If things go according to plan, Rockville’s school will become more overcrowded. At least, that is the proposal from one member of the City Council, Mark Pierzchala, who wants to change the capacity on school construction in some parts of Rockville.
Faced with a poor economic climate as many retail businesses in Downtown Rockville are shutting their doors, Pierzchala argued that the city needs to change its standard of school capacity, which places a moratorium on new development.
It is a proposal that is highly controversial with many in the City. The Mayor of Rockville, Bridget Donnell Newton and Council Member Beryl Feinberg, along with many parents in the City, are fiercely opposed to the change.
It all came to head Dec. 17, as the Rockville Mayor and Council held a work session on the proposal.
According to the City’s Adequate Public Facilities Ordinance and Adequate Public Facilities Standard, new development is prohibited if a Rockville school cluster reaches 120 percent of capacity.
For Pierzchala, changing the APFS is necessary. He has proposed raising the limit to 150 percent of capacity, allowing for more development in some parts of Rockville — namely, Town Center and the South Pike region.
Pierzchala said the moratorium has the possibility of stopping a planned development on the South Pike, meaning, the City should act soon to increase its moratorium to save the project.
“That’s why there’s this rush, and I would really hate for that project — South Pike — it could just go away and we could lose a lot of benefits for the City,” Pierzchala said.
Council member Virginia Onley concurred with Pierzchala’s assessment, saying a moratorium on development could hurt the City’s future plans, speculating whether the City would have to raise taxes to accommodate the needs for more services.
Before the work session, residents and parents from the Richard Montgomery school cluster spoke against the proposal, saying that schools within the cluster are already overcrowded, and increasing the capacity would put even more burden on the schools.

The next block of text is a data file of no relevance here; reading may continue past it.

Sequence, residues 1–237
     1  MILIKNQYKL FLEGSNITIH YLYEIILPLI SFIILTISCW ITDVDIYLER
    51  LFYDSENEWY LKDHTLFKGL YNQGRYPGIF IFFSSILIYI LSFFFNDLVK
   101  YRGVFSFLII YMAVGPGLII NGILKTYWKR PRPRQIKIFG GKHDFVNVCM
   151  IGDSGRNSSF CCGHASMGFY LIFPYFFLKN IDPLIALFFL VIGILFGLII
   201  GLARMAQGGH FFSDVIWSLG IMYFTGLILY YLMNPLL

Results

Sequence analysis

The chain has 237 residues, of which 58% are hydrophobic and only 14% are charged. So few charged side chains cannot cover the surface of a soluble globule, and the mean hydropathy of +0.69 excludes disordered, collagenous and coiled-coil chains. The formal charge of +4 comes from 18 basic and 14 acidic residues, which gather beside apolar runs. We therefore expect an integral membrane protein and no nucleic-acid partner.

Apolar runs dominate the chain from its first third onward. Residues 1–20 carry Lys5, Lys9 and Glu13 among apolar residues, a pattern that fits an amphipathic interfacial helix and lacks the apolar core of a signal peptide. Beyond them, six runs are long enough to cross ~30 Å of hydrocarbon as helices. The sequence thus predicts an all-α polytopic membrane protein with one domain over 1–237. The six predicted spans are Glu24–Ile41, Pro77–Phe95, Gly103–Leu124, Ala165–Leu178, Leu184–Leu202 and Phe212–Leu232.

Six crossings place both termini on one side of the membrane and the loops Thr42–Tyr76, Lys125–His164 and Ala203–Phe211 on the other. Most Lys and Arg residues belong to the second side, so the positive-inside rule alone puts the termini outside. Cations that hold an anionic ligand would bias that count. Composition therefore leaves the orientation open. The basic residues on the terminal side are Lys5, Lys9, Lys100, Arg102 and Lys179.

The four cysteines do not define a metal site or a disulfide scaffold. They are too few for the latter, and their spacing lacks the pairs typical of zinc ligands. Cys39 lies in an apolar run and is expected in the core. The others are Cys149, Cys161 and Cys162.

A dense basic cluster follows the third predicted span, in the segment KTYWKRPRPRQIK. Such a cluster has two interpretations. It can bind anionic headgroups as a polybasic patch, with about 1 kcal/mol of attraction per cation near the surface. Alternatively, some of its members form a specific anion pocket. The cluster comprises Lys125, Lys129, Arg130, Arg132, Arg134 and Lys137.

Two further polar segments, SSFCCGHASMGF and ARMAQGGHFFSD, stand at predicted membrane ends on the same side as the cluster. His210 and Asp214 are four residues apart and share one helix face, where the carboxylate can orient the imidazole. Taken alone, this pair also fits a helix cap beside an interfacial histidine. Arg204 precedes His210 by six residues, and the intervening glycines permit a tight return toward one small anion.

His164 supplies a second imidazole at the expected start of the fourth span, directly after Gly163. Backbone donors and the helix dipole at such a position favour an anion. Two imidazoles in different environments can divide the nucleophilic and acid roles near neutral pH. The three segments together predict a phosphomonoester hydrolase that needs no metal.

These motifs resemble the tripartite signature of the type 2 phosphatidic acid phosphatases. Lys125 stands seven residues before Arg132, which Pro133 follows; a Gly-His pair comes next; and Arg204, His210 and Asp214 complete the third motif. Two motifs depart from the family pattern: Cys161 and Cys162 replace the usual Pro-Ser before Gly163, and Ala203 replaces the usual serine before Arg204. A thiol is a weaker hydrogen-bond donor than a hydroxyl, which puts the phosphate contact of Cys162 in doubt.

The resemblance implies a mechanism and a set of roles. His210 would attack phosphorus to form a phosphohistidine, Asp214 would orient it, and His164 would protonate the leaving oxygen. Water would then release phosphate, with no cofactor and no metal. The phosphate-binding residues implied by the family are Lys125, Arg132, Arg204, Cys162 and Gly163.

“Fundamentally, severe overcrowding of our schools is a moral question,” said Noreen Bryan, president of the West End Citizen Association. “It harms our children and our community. Said simply, should the education of our children be compromised for the sake of more development in Rockville?”
But residents’ opposition to the proposal is not unanimous. Some residents, during the community forum part of the Mayor and Council meeting, said they supported Pierzchala’s plan, adding that Rockville is inneed of more density if it hopes to grow economically.
“There isn’t adequate commercial and residential density to support the town’s mission for a vibrant town square,” said resident Eric Fulton.
Richard Montgomery High School, along with other schools in the cluster, has to use portable classrooms to handle the capacity, which will soon reach 120 percent, according to staff from Montgomery County Public Schools.
Borrowing a rhetorical device from one of her favorite TV shows, “Golden Girls,” Feinberg asked residents to imagine what Richard Montgomery High School would look like with at 150-percent capacity – describing overcrowded hallways and dozens of portables placed on the baseball field.
“Picture this again, the bell sounds and 3,327 students exit classrooms to hallways constructed for 2,218 students and staff,” Feinberg said. “Can you visualize students carrying backpacks, armloads of books, instruments, next- period projects and who knows what else, all the while on the lookout to friends to give a high-five and to sneak a hurried text message to friends.”
However, Pierzchala said, raising the school capacity to 150 percent would force the issue with Montgomery County Public School officials, as they would have to prioritize it over others.
However, Adrienne Karamihas, director of capital planning for MCPS, said she couldn’t say whether intentional overcrowding at Richard Montgomery would prioritize its expansion in the capital improvements program. According to Karamihas, there is currently no plan for an expansion in the MCPS CIP for Richard Montgomery.
There will be a public hearing on the proposal on Jan. 7, with potentially a vote to come later this month.